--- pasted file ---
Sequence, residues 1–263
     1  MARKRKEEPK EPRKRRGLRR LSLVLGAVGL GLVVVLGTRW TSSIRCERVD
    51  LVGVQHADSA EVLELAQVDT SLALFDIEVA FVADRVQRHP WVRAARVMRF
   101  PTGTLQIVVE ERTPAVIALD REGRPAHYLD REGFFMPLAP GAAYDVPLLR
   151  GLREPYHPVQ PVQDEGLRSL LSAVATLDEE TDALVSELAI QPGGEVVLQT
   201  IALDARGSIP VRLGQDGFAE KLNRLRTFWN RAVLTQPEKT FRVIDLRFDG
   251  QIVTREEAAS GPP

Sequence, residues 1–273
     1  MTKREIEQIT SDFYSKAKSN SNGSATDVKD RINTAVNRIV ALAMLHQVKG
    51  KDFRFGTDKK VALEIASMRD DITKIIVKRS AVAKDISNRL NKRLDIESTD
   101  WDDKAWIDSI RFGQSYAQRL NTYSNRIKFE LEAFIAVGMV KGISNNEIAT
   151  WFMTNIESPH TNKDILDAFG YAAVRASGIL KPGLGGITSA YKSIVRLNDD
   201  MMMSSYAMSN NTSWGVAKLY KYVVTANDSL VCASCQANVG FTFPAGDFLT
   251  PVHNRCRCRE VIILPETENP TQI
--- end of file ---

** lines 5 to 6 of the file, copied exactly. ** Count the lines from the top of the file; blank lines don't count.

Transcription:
   151  GLREPYHPVQ PVQDEGLRSL LSAVATLDEE TDALVSELAI QPGGEVVLQT
   201  IALDARGSIP VRLGQDGFAE KLNRLRTFWN RAVLTQPEKT FRVIDLRFDG